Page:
Movie review: 'A Royal Affair' delivers a compelling tale
December 7, 2012 5:00 AM
Mads Mikkelsen and Alicia Vikander in "A Royal Affair."
By Barbara Vancheri Pittsburgh Post-Gazette
The early intel on King Christian VII (Mikkel Boe Folsgaard) sounded so promising.
"Christian was said to be charming, interested in art and literature and even fond of acting," his queen, young Caroline Mathilda (Alicia Vikander) recalls in "A Royal Affair." In 1766 England, theirs is a long-distance courtship and marriage -- really long distance, since the pair had yet to meet.
Rating: R for sexual content and some violent images.
When they do, in Denmark, it isn't love at first sight. He climbs into her horse-drawn carriage, utters a nervous laugh and rides in silence until arriving at the palace where he leaps out and makes a beeline ... for his dog. "Did you miss Daddy?" he asks, as if he were a boy back from summer camp.
The honeymoon is over before it's even begun.
The queen, a reader by avocation, then learns many of her books are forbidden under Danish censorship laws and her accomplished piano playing is interrupted by her husband who declares to all: "I can't stand listening to it. Clang, clang, clang. ... Move your fat little thighs and have a seat."
After producing an heir, she sees no reason to maintain the facade of happiness or even tolerance of her husband, troubled or outright insane.
The king embarks on a two-year tour of Europe and returns with a new personal physician, Johann Friedrich Struensee (Mads Mikkelsen). In this Age of Enlightenment, he is a closet free-thinker who eventually realizes he can orchestrate change through the king, even as he beds the like-minded queen.
But with a council that doesn't want to cede its authority to the king and plenty of palace intrigue, the queen belatedly realizes, "We thought we could have it all. We were naive."
The costume drama, Denmark's official Oscar entry for foreign language film, is based on actual events in 18th-century Denmark, and it's fascinating to see the machinations on all sides propelled by idealism, forbidden romance and lust for power and position.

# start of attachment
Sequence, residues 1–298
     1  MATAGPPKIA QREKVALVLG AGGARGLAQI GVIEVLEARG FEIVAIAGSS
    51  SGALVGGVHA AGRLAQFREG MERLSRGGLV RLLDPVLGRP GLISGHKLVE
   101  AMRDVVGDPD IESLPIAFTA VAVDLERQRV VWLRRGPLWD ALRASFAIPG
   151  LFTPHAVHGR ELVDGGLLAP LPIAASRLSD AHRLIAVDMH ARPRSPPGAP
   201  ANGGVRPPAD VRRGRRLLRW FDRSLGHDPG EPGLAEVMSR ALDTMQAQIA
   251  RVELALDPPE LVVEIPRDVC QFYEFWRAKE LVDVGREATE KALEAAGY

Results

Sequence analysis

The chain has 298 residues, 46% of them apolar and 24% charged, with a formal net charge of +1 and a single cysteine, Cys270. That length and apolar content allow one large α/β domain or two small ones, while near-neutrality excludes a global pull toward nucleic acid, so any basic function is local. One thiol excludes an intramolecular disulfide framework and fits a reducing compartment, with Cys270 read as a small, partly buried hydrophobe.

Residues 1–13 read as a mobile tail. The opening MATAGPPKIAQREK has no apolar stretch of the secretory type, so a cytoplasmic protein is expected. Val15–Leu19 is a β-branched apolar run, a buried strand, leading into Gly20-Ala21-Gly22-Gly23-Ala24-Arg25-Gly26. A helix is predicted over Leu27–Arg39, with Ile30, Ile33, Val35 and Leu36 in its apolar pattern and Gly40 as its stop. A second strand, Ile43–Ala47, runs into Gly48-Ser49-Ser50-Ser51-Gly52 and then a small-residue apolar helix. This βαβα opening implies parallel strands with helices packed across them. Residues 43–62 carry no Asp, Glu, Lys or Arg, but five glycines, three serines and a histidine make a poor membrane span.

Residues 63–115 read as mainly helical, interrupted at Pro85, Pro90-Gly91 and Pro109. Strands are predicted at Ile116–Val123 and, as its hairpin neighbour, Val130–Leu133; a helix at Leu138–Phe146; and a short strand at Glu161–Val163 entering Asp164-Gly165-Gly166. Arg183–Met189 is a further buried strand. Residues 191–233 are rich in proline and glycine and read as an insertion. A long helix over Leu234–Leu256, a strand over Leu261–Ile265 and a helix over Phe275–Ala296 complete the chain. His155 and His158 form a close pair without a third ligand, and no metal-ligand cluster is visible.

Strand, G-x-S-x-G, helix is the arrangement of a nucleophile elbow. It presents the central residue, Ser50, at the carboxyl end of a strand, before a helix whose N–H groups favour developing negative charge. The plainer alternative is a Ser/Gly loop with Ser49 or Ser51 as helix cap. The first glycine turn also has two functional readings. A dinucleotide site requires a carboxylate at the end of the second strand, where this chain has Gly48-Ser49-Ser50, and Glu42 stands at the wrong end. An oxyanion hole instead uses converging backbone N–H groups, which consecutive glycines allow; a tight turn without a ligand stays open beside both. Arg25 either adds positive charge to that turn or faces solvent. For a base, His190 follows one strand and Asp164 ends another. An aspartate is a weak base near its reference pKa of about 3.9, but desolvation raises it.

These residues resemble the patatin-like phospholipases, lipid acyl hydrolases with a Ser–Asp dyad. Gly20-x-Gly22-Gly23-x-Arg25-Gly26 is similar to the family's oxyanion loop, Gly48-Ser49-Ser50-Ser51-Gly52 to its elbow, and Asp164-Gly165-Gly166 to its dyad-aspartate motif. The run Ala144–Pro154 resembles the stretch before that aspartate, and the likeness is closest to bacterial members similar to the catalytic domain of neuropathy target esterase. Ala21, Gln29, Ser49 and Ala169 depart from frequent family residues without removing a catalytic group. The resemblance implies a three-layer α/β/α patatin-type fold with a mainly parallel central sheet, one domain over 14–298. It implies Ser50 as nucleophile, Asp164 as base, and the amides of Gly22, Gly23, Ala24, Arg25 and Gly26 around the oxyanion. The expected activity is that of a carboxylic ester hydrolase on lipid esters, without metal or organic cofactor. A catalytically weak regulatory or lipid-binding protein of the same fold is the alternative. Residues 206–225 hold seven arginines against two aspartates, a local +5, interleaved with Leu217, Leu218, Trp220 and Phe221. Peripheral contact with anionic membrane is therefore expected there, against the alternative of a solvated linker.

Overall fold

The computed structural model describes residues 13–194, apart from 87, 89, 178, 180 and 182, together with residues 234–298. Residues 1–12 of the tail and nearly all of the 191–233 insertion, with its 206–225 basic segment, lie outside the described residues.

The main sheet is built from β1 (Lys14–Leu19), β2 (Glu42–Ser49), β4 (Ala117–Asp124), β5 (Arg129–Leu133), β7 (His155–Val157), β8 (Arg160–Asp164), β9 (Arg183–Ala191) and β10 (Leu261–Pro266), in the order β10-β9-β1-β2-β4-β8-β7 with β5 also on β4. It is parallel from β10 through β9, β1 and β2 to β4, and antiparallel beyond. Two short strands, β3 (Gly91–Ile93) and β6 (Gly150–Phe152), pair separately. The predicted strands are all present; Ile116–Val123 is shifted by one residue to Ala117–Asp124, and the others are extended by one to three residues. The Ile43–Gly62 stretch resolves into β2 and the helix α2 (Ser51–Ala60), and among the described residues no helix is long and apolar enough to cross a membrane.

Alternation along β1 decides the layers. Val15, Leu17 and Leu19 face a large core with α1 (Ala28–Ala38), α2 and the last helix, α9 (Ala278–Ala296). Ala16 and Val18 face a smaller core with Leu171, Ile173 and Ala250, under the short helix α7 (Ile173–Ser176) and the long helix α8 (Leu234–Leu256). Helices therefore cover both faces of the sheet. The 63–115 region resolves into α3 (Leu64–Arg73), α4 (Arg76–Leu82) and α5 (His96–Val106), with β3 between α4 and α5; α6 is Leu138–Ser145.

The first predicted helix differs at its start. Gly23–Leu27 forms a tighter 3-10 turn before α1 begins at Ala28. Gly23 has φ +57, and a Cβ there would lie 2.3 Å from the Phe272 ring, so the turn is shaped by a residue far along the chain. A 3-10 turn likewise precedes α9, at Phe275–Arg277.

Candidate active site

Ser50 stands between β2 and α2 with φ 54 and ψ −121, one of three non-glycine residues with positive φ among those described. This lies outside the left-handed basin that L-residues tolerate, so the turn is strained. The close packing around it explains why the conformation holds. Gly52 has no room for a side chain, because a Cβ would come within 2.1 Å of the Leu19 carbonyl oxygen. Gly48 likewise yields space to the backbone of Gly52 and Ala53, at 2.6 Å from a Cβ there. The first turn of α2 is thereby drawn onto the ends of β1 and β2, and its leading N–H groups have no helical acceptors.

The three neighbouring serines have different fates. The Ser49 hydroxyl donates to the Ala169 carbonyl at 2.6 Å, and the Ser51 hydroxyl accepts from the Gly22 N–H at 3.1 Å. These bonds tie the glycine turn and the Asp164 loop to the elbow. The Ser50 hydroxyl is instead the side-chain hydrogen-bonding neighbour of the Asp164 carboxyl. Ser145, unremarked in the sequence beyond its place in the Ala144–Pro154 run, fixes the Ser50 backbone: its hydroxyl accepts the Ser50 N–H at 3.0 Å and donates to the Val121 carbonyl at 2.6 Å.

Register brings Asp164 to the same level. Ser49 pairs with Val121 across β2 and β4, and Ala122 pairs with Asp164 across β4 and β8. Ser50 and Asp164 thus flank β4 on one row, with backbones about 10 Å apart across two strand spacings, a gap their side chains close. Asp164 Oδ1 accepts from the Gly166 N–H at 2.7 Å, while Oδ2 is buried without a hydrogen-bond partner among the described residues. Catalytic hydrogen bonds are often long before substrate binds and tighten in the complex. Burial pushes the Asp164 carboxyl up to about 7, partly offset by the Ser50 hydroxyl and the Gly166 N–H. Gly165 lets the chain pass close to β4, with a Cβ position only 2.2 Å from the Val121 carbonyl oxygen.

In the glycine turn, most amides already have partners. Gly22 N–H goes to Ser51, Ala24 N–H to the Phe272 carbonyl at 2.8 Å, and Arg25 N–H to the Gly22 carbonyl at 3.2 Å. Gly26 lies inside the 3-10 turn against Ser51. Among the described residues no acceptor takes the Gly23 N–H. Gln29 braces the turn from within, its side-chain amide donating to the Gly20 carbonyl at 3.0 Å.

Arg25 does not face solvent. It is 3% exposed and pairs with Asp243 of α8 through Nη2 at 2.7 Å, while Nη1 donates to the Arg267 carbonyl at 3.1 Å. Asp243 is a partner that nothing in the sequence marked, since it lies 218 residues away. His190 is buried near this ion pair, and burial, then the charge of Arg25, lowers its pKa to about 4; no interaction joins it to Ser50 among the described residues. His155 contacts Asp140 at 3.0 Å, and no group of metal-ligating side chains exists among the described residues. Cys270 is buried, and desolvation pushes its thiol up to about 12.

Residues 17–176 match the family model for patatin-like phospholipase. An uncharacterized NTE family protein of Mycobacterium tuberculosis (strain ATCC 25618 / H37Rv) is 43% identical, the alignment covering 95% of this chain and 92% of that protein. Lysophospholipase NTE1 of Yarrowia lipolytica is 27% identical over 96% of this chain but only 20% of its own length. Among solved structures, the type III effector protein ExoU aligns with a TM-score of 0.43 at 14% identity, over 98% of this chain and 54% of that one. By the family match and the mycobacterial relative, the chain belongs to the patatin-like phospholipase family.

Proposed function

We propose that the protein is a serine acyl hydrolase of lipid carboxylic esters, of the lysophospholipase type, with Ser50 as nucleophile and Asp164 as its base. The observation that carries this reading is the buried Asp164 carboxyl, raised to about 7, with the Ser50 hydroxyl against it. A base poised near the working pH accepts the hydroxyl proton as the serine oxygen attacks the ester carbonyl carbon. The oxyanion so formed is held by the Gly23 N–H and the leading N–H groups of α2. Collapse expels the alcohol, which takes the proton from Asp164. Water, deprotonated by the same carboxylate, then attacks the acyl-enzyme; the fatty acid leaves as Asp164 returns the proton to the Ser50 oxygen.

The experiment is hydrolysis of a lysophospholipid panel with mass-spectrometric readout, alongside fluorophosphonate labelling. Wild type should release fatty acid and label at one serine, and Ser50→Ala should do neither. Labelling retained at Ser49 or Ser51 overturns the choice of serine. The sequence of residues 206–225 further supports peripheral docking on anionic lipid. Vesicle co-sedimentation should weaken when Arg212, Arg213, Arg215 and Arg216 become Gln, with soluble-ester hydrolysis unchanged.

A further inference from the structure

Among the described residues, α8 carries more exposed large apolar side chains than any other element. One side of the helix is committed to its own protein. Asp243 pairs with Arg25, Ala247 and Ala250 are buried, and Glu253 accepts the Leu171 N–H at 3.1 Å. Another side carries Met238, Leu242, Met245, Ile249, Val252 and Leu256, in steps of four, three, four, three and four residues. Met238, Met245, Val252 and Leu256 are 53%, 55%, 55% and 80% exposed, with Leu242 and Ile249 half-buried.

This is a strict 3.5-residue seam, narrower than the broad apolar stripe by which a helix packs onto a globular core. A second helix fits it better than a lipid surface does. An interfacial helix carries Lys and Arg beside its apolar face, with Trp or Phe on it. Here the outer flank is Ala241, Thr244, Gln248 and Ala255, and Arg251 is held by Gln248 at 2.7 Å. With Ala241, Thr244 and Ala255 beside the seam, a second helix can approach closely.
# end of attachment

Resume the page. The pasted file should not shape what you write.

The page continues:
Struensee's proposals are, indeed, enlightened, as when he tries to improve the health and welfare of poor unwanted children, peasants, prisoners and others who have no voice in society.
Although the Copenhagen-born Mr. Mikkelsen is no stranger to movie audiences, thanks to roles such as Le Chiffre in "Casino Royale" and the Russian composer in "Coco Chanel & Igor Stravinsky," he is utterly convincing in a scene of absolute anguish. Mr. Folsgaard makes the young monarch an easily led wastrel while Ms. Vikander is a far more striking queen than the real one, based on centuries-old portraits.
"A Royal Affair," written by director Nikolaj Arcel and Ramus Heisterberg who penned the Swedish-language adaptation of "The Girl With the Dragon Tattoo," doesn't spend much time setting the stage.
It dispenses with details of the royal lineage of the arranged marriage partners or a lengthy history lesson. Instead, it opens with a note explaining that, at the close of the 18th century, nobility rules by oppression, supported by strong religious forces although the winds of change are blowing.
But it turns out the play -- for power -- is still the thing, when there's something rotten (or risque) in the state of Denmark.
In Danish, English, German and French, with English subtitles. Opens today at the Regent Square Theater.